Performed against the selected user needs and requirements established by international standards.

Why a design verification process alone is not enough to ensure quality

Design verification is about turning functional requirements into functioning design specifications. It does not assess the finished product as a whole against user needs or look at its performance when it’s in customers’ hands. And that presents a problem.

After all, it’s possible for a product to be designed precisely to meet identified functional requirements but fail usability tests in the real world. For example, when the product is handled in the field, it might prove unusable in one significant way by certain patients, or it may malfunction after continued deployment.

When the verification process is not enough

The Medtronic SynchroMed Infusion Pump had to be recalled due to motor corrosion and battery issues following use by actual patients. This highlights the crucial importance of extensive reliability testing and assessment of long-term performance in real-world conditions as part of a validation process.

What is design validation? 

So, to catch these kinds of potential quality issues, the finished product itself must be validated against a comprehensive list of user requirements.

For the FDA, validation means “confirmation by examination and provision of objective evidence that the particular requirements for a specific intended use can be consistently fulfilled.” In other words, will it work in the real world as expected and required by the people who will use it?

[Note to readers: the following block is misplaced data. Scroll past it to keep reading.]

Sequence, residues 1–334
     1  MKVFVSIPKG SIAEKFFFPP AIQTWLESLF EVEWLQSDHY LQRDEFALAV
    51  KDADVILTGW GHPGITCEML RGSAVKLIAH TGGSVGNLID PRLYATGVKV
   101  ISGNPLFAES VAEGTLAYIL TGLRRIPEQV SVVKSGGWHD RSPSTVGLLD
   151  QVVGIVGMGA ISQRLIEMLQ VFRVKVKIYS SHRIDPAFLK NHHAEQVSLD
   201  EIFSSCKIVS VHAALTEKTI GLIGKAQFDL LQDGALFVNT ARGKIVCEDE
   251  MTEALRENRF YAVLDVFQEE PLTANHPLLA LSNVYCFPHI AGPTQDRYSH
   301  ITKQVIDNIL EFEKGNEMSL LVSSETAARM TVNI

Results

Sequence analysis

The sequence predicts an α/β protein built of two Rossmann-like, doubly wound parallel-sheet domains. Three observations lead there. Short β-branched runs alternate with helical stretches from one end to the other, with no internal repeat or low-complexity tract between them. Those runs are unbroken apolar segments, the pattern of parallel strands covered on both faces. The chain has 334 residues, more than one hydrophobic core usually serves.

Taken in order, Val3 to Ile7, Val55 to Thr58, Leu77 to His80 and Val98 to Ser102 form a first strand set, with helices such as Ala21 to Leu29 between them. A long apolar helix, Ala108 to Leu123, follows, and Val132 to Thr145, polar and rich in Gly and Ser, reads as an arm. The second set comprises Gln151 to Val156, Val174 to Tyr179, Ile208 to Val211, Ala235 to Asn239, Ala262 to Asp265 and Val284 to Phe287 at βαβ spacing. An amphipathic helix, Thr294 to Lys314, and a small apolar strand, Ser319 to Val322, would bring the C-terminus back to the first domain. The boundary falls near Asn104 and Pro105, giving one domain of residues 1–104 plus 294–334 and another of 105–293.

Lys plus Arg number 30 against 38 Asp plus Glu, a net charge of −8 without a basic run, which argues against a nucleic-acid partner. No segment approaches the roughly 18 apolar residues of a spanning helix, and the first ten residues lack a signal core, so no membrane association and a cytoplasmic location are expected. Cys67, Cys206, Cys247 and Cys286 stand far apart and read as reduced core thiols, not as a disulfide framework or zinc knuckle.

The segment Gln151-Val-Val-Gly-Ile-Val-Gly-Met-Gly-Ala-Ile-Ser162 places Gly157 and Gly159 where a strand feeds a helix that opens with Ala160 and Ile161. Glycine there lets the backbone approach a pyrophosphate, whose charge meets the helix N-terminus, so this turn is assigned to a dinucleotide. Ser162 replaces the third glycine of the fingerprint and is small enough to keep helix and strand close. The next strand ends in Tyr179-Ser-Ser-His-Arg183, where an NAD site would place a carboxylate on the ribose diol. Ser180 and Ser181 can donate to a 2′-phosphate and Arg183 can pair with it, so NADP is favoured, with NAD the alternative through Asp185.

To ensure this, specific tests and processes must be devised that capture the product's performance under varied conditions, ensuring it meets all necessary usability, safety, efficacy, and quality tests. This comprehensive approach is crucial for guaranteeing the reliability and effectiveness of the product in real-world applications.

Tests, analysis and process that might be used include:

  • Usability testing.
  • Clinical Investigation.
  • Biocompatibility Evaluation.
  • Electrical Safety and Electromagnetic Compatibility, in case of active device.
  • Packaging Validation / Sterilisation Validation.

Where can it all go wrong?

For modern medical devices, the sheer weight of documentation generated as part of the requirements gathering, design iteration and verification phase can be overwhelming.

Developers can easily lose track of their design decision-making in a tsunami of different documents. Without the right software, as they build their Design History File to share with auditors, they might be unable to find previous iterations of documents. The locations of test results in their traceability matrices may become broken or missing. This can be a serious problem if you need to show exactly what V&V activity was conducted, when and by whom.

4 tips for more efficient design verification and validation

1. Start planning V&V process early